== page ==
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Luxury resort Rania offers the ultimate diving experience for all levels. With an average water temperature of 86˚F, clear visibility year round and more than 250 diving sites, the Maldives are a diver’s paradise and Rania’s very own PADI certified dive instructor Adham Rafeeu will ensure guests get the most out of their stay. Together with his expert knowledge of the dive sites, Raffeeu is also highly qualified in underwater nature and fish identification so that no guest is left in doubt as to what marine life they see.
Underwater Wonders:
The waters of the Indian Ocean are teaming with neon coloured life. Divers can expect to see an extensive array of fish and marine creatures from large schools of yellow banded snappers and jack fish to the majestic manta rays and whale sharks. The Maldives also has a collection of amazing wrecks to explore, home to some incredible marine life. Whilst diving, guests could have face-to-face encounters with the friendly and curious napoleon wrasses, surgeon and butterfly fish, red tooth triggers, tuna, barracudas, sea turtles, stingrays, white-tip sharks as well as see yellow, blue and orange soft hanging corals and sponges. 
Dive Sites:
With as many as 40 dive sites in the Faafu Atoll alone, Rania guests will find endless opportunities for snorkeling and scuba diving at all skill levels, accompanied by the yacht’s PADI-certified dive instructor. These include two sites along Water Garden Island Spa’s own house reef: Maafushi South, a gently sloping, well-carpeted reef that plays host to moray eels and small marine life and frequently attracts turtles and lobsters, and Maafushi Giri, with its colorful coral formations and dense schools of fish. The Lighthouse Channel is among the best sites in Faafu, with an enormous variety of fish, from schools of eagle-rays to grey-reef sharks, as well as beautifully overgrown thilas (reefs that don’t reach the surface).
Nearby Ari Atoll is famous for sightings of whale sharks, the world’s largest fish. Among its top sites are Jack Fish Channel with caves of all sizes to explore; Lucky Rock, an exceptionally beautiful reef that is home to scorpionfish, stone fish, stingrays, turtles, bat fish and sharks; the aptly named Shark Point, where even the rare hammerhead shark makes an occasional appearance; Paradise Rock, which boasts a spectacular underwater landscape; and the splendid caves of Super Gorgia. Also in the Ari Atoll is the Kudima Wreck, where a 60-meter boat submerged in 1998 has become home to lionfish, batfish, nurse sharks and stingrays.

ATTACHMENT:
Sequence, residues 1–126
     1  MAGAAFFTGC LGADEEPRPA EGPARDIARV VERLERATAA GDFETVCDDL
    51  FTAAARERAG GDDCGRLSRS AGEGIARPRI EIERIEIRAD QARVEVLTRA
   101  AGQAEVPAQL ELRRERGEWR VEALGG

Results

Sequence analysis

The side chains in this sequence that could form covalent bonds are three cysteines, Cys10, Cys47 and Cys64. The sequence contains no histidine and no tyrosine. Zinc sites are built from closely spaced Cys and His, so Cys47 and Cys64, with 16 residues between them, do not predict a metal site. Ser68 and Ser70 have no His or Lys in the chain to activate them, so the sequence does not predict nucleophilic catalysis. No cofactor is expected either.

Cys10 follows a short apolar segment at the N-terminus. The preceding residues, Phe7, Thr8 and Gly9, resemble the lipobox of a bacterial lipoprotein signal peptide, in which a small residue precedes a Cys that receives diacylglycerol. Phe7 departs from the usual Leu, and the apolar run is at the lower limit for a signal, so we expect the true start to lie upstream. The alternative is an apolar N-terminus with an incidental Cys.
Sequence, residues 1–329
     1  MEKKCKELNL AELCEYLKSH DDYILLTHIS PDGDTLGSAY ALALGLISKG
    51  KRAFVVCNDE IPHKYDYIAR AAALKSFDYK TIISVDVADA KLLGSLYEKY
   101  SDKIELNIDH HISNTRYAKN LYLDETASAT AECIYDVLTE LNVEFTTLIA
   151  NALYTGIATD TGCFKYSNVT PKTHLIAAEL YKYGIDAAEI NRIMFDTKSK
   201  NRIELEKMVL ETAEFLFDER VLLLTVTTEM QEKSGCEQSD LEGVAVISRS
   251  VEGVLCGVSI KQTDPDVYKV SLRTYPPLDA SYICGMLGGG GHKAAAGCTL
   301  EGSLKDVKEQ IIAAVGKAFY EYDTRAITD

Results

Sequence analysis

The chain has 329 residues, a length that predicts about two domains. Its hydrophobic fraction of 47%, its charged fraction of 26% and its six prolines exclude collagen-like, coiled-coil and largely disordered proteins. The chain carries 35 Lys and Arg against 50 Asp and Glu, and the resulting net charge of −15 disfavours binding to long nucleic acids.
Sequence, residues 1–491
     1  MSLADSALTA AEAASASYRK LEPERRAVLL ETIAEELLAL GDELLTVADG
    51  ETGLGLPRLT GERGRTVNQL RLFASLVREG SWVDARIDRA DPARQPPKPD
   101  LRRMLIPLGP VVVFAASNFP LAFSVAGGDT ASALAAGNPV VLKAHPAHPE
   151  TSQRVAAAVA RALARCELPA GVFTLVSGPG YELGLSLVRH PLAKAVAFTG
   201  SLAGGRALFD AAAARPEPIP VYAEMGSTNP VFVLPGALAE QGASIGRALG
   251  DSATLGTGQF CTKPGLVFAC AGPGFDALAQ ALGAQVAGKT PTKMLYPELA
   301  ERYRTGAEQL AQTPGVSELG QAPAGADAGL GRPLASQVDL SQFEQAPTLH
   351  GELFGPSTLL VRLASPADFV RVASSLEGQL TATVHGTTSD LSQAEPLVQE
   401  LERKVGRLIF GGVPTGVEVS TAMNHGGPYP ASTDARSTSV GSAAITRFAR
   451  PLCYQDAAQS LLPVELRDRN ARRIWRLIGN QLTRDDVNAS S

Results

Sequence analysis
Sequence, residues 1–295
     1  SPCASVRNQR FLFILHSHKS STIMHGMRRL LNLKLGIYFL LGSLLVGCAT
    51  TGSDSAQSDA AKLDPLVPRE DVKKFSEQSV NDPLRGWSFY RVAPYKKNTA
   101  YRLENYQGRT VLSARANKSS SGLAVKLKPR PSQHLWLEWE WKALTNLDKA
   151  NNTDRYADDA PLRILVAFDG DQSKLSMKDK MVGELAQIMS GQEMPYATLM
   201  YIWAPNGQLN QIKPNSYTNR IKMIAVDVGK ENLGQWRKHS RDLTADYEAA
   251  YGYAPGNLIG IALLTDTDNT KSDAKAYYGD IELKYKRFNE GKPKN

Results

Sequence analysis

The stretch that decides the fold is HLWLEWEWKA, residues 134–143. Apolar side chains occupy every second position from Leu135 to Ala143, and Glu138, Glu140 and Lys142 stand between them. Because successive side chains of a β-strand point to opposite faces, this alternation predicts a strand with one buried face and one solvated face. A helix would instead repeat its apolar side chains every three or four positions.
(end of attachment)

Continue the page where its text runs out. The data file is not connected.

The South Malé Atoll offers a number of great wreck sites as well as drift dives like Banana Reef that allow divers to glide underwater with the current as they explore the marine landscape. The wreck of the Maldives Victory is an intriguing site just off the airport island in the North Malé Atoll. The 35,000-ton freighter sank in 1981 after hitting the southern tip of the island at full speed.
Courses Available:
Having a personal certified dive instructor means guests on Rania can benefit from a tailor-made diving course specifically designed for each individual’s ability. Guests can gain certificates from basic open-water level to the most advanced dive master level, depending on length of stay, Furthermore, the choice of dive-sites is endless. Guests can visit any dive site they wish, providing it is within the three hours travelling distance per day.
Equipment provided:
Rania comes fully equipped with the following:
Dive tanks, weights, weight belts, wetsuits, masks, fins, Octopus with regulator, full set of breathing apparatus, pressure gauges and regulators, balance control devices and dive computers.
Although all equipment is provided for every guest, those who have their own diving equipment, such as masks and wetsuits, are welcome to bring them.
Guests wanting to dive must have a fit-to-dive certificate (or equivalent) from their doctors. Guests who are unable to provide such information may not be able to complete a full course. Qualified divers must provide their log books or other evidence of certification. All internationally recognised certification is accepted. Beginners will require a minimum five days stay in order to obtain Open Water certificates. 
Some fish such as scorpion fish and brightly coloured lion fish have poisonous spines, therefore care should be taken to avoid accidentally touching them. Rafeeu can advise guests which species of fish are poisonous. However, if guests stick to the simple philosophy that marine life should be seen and not touched, a lifetime of happy tropical dives can be enjoyed.
For safety reasons Rania has a policy whereby 24 hours must be left between the last dive and return flights home. To avoid any emergencies, there is a law in the Maldives that guests who are not certified can only dive to a maximum of 12 metres, those with open water certificates can only dive up to 18 metres and advanced divers or above can dive to a maximum 30 metres depth. For additional safety, Rania has two first aid medics on board and a full first aid kit along with pure oxygen in case guests suffer decompression sickness. In the unlikely event of an emergency, there is decompression chamber on Bandos Island which is close to Malé.